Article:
When I worked at a studio, weekends were not much fun.
Sure I might have looked forward to sitting by a pool somewhere in LA - but I knew there'd be reams of paper beside me threatening to blow into the water.
Saturdays came to mean hours of drudgery - not A-list parties.
And Sundays were often tinged with a dread that "good students" may remember from grade school - when unfinished homework and the clock start talking to each other about what an asshole you are...
So instead of leaping into my convertible and tossing the valet a 5 spot as the sun set on Fridays - you would usually find me trudging through the parking structure with sweat staining my shirt from the exertion of carrying an impossibly heavy canvas bag (sometimes two) filled with scripts.
That's because my job (like many film execs in LA, even those who weren't hired as a script readers) included reading scripts.
To do my job, I had to know what the agencies were "going out with" - to see if there was a role for the big-name actor I worked for - and to talk knowledgeably to my betters about the hot writers and projects.
I knew I was paid way too much to sit in that office all week in Century City. But I also came to suspect that I was being paid not nearly enough to wade through a dozen mostly awful scripts each weekend.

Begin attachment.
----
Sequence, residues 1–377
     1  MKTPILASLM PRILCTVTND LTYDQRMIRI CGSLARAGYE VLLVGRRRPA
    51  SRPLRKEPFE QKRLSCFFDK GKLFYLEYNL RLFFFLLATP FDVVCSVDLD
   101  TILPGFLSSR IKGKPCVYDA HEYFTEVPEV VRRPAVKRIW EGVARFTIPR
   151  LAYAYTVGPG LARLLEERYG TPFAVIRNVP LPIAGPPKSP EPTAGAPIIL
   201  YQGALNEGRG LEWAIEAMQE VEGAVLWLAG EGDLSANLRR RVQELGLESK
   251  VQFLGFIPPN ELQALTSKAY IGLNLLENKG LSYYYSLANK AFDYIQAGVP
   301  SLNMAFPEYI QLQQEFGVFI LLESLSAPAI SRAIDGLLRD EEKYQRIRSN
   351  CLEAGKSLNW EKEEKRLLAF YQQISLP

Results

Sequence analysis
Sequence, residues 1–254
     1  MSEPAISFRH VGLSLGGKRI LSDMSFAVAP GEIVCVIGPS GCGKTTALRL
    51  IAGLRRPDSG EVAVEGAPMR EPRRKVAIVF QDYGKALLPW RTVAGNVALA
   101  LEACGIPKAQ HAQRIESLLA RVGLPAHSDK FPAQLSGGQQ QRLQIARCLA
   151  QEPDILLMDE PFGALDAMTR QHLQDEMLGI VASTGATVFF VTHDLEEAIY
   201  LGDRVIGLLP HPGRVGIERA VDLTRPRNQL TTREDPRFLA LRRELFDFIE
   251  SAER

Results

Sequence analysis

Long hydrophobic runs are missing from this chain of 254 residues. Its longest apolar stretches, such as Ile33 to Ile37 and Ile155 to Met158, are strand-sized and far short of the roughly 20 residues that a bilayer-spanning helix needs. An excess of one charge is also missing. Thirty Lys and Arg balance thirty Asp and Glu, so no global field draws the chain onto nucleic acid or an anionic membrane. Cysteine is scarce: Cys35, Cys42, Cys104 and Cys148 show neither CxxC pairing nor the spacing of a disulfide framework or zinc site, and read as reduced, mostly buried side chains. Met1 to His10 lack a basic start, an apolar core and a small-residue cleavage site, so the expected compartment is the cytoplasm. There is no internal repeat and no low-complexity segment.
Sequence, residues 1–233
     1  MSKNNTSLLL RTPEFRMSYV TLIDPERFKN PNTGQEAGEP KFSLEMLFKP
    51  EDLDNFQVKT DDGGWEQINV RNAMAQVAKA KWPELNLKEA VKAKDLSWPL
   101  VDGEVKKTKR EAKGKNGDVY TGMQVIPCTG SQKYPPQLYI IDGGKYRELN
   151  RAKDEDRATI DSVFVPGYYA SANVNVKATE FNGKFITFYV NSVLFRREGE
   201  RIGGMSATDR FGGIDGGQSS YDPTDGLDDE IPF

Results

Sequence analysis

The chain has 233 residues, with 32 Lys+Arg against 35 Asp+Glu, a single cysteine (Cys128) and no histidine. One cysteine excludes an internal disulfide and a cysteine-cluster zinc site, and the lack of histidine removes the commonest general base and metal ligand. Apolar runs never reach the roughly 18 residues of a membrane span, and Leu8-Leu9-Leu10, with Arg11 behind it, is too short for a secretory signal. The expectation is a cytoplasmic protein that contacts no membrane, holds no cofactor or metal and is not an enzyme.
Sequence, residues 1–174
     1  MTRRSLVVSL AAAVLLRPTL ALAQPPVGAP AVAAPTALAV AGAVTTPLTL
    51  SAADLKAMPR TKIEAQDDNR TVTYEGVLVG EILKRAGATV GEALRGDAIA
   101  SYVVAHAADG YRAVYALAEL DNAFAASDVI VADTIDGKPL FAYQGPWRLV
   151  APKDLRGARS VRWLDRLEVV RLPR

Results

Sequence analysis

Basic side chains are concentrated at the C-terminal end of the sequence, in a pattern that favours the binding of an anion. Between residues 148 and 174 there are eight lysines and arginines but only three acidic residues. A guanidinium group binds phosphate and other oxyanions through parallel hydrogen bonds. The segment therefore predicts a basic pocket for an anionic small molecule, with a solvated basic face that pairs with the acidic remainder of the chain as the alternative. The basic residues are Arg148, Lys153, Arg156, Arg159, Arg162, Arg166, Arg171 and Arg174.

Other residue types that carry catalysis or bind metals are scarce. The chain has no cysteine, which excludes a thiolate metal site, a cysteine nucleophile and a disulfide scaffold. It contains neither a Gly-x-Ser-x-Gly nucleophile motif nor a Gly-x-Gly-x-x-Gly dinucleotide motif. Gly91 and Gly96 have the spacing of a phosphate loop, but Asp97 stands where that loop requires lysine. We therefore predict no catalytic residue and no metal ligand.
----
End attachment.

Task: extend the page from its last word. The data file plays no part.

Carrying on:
Because I never found any scripts that impressed my bosses in the Monday morning meetings where the "weekend read" was discussed (and, yes, for lots of other reasons too) I didn't last in the studio system.
Still it might surprise (delight?) some readers of this blog (you must like reading, right?) that there are actually good jobs at the studios for people who just read scripts. Well, actually, they read scripts and write coverage - which includes authoring a good summary of the plot, roles, genre, etc. and a recommendation about whether or not the script should be given further consideration.
Wanna know more? An anonymous March 18th, 2013 post to medape.com does a great job of describing the Hollywood script reader position (both union and non-union) and how to get one.
Having worked in that environment, I recognize that the anonymous author has really worked as a professional script reader. In fact, her (his?) impulse toward very specific and helpful info would make her (or him?) a valuable part of any studio or agency's team. How valuable? Here's what the medape post says about money:
"Salary Range: $40 to $60 per script (nonunion); $27.89 to $33.52 per hour (Editors Guild Members)"
Which begs the question: What's the Editors Guild doing taking on script readers as members?
"The Story Analysts Local 854 merged with Editors Guild Local 700 (http://www.editorsguild.com), part of the International Alliance of Theatrical and Stage Employees (IATSE). It is now called the Motion Picture Editors Guild, IATSE Local 700."